Social Security for Children: How to Get Benefits

Social Security isn't just for adults. Find out how children can get benefits.

Dan Caplinger
Dan Caplinger
Jul 3, 2014 at 2:15PM
Investment Planning

Source: Social Security Administration.

Social Security is usually for people who are retired or suffering from a disability. But under certain circumstances, children can be entitled to Social Security benefits as well. But you have to understand the rules that apply to children's benefits under Social Security.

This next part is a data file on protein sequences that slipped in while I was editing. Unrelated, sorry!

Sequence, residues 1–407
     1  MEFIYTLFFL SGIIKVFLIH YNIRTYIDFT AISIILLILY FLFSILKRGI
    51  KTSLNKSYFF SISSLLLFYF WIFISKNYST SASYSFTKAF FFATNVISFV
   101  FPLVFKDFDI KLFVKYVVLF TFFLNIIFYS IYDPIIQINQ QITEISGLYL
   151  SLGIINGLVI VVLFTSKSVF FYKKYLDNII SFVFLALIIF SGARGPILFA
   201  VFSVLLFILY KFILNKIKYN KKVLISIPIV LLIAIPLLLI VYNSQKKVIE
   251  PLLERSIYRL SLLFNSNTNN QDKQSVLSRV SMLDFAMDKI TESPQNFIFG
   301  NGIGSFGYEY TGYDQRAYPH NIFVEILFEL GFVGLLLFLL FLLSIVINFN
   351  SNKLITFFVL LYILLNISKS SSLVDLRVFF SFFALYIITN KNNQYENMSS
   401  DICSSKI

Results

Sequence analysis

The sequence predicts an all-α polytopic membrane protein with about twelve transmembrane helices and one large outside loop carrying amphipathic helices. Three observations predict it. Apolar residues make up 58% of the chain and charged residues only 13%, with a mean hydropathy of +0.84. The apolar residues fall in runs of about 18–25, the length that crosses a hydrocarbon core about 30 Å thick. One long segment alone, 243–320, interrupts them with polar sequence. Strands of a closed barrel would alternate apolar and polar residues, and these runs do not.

In the following video, Dan Caplinger, The Motley Fool's director of investment planning, talks about the requirements for children to get Social Security benefits. First, Dan notes that a child must generally be unmarried and under the age of 18 to be eligible for benefits. But there are exceptions for high-school students who are age 18 or 19, and older disabled children can also remain entitled to Social Security benefits as well. Dan also points out that children can be eligible for half of a parent's retirement or disability benefit during the parent's lifetime, or 75% after the parent dies. But there's a family maximum for Social Security benefits that can kick in to limit children's benefits, with families with multiple children often seeing benefits reduced substantially.